Gratitude, An Antidote to Complaining - A Personal Story

November 1, 2017

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What’s going on with you?  You are glowing girl!”

“What are you using on your skin? It’s glowing! You are radiating! What’s your secret?"

“There’s something different about you. You look free kinda…"

These were some of the words spoken to me at different times while I walked the hallways at work or in an elevator after my transformation of gratitude lifting me from a dark, depressing, dismal, dreary, and dejected space. However, it wasn't always this way. Let me take you back.



I was going on my 2nd year in a lonely, dark place without any doors or even shutters that could let some light in or windows to let some air in.  How did I get in here? Who put me there? Why couldn’t I just simply get out? I’ll attempt to answer all of those questions.

I suppose I walked right in there by myself, of my own volition. Of course, if I knew that’s what it looked like in there, I wouldn’t have gone in.  Then again, if I hadn’t gone in, then I wouldn’t be telling you all this now, see how it all comes together.

"I was going on my 2nd year in this lonely, dark place without any doors or even shutters that could let some light in"

Anyways, I had taken a compelling, exciting, promising work assignment overseas – the mission was a minimum of 2 years and a maximum of 5 years.  At best I figured, I’d go for 3 years.  After all, I am a star or high performance employee – not sure what you call “them.” And quite frankly, no one was really lining up to go to this country anyways.

Leaving everything I knew behind, the work I knew in and out, the comfort of my location, my family, my friends, my new husband (and I mean new, less than 6 months), I packed up and left for this assignment.  

Resources – technical, financial or human was a big ordeal and hindering.  Learning a new culture, the way of business, understanding the consumers in this nation, and building a brand new business that would fit all of these pieces and still align to the “organization’s” norms and guidelines was a tall order.  And we knew it.  We communicated it at every level we could and at each time we had the opportunity.  I gave it my all or what seemed so at the time and as many of you know the corporate world can be full of b…....let’s just say politics and lots of red tape.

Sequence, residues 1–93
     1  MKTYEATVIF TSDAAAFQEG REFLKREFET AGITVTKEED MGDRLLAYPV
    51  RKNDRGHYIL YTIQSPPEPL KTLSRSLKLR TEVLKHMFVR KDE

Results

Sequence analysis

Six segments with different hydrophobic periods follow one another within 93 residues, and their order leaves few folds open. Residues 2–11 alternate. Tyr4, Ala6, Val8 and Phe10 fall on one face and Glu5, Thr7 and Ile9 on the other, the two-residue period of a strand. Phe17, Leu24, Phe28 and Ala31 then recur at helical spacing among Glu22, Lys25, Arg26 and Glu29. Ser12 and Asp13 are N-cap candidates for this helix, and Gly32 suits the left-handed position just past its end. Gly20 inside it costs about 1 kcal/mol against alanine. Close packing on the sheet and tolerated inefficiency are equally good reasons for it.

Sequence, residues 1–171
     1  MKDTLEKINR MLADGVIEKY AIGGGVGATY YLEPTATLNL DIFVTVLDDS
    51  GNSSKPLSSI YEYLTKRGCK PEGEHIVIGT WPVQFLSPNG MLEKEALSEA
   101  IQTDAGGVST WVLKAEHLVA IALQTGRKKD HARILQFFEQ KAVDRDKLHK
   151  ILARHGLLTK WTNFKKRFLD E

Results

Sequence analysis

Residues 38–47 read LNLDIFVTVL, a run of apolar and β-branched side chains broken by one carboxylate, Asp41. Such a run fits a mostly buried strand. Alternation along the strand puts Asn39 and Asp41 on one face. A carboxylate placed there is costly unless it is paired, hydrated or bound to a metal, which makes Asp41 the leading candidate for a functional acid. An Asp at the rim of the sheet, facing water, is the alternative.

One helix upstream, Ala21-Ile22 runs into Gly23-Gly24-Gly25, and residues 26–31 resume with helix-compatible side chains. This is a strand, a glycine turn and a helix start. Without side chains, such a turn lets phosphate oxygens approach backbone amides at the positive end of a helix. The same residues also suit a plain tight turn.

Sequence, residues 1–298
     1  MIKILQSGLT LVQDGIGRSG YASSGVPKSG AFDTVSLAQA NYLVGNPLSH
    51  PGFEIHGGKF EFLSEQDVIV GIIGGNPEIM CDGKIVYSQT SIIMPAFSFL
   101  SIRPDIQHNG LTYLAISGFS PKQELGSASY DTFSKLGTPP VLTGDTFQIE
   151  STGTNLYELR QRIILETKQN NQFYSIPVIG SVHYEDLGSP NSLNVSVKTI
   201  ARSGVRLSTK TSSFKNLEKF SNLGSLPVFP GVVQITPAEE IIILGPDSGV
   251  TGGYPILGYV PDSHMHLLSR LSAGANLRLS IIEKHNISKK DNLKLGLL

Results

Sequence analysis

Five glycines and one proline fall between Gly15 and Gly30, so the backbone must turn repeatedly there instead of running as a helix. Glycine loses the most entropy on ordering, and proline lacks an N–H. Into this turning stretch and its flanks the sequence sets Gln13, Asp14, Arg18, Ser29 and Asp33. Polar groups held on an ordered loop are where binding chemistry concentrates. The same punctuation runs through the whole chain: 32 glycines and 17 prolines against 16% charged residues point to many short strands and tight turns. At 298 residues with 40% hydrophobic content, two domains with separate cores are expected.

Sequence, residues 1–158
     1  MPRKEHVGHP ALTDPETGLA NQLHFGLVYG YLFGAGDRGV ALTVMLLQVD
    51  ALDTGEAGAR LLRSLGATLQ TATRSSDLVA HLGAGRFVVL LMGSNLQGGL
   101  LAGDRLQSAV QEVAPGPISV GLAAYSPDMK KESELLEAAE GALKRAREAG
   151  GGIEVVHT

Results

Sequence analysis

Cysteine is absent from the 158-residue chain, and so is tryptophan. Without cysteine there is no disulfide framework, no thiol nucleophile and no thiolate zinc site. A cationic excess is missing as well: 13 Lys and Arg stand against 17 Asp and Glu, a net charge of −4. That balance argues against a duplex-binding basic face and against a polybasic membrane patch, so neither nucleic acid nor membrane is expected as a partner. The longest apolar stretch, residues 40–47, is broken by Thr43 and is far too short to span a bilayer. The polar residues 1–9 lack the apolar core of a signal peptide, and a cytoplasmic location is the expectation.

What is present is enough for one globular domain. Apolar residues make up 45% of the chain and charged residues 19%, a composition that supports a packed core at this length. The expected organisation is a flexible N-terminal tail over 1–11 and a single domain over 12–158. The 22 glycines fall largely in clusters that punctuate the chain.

20 months into the mission, after countless, sleepless nights of wearing multiple hats that I did not sign up for; away from my family and friends – The team was visited by the heads of the corporate office from Paris to have individual conversations with each of us that had come in as expatriates on this mission.

“You came to us from a high position and the US raves about you, but we just don’t see it here.”  I was numb.

It felt as though someone had yanked my heart out of its cavity and stuck a pencil in it. I watched her lips move but couldn’t hear anything else and then I came back…. “so you will be going back to your home country in 3 months.”  I was devastated in the moment, and yes I stood up for myself which I’m still proud of today and spoke my truth and continued on working, prepping and packing to go back home.

"I wrapped up in bubble wrap a sense of failure, shame, and multiple vases of complaining."

Well, as I packed over the course of the months, not only did I pack up my physical belongings; I wrapped up in bubble wrap a sense of failure, shame, and multiple vases of complaining.



There were many of those vases that I gave or exchanged them with my co-worker who was in the same boat.  We connected, wined, and dined over mounds of complaints. How this was unfair, management did not heed to us despite our multiple memos to them; requests for resources.  

I don’t know about you; when I complain, sure there is a supposed connection happening with my partner yet I get super exhausted afterwards.  And during, I am constantly stewing – it’s like wanting a cup of hot apple cider but the cup won’t stop boiling. How do you even hold that to your tongue?  And this is how I got stuck in the dark room after stepping in.   

Needless to say, I arrived back in my home country office and unpacked everything I brought with me. For months, I walked the hallways with my head hung low in shame, feeling like a failure and of course since I still had more vases of complaining, I found people that wanted to exchange vases - which is sadly not hard to find at all – and we continued the complaining party.  The walls of the room thickened, got darker -  I was bitter, angry, felt betrayed, entitled, and wronged. …my apple cider was still boiling. 




After many months of this, I was suffocating.  I had to get out. How? How do I get out?  I set an intention to practice seeing this organization from a lens of gratitude every day.  I wrote that intention out every morning when I got up and I carried that notebook with me where I also wrote down 5 gratitudes each day about this organization, a powerful tool I had learned from Rhonda Britten, Fearless Living Institute while I trained to be a Life Coach.

Of course it was hard and I did it anyway.  When a thought brewed up about complaining about my ‘unfair’ experience – I countered it with a gratitude and here are a couple of my entries:

“I am grateful that I had the opportunity to work Internationally, now I have this on my resume.”


“I am grateful to have met and connected with my co-worker who is now like a sister to me.”


“I am grateful I was chosen, which means I am valued in the organization”

And with each gratitude, a shutter was created, a window was fabricated, a door was erected, and eventually the walls came down.  I was free, I was light, I was and am grateful. And what I now know for sure is that the antidote to complaining is truly gratitude.


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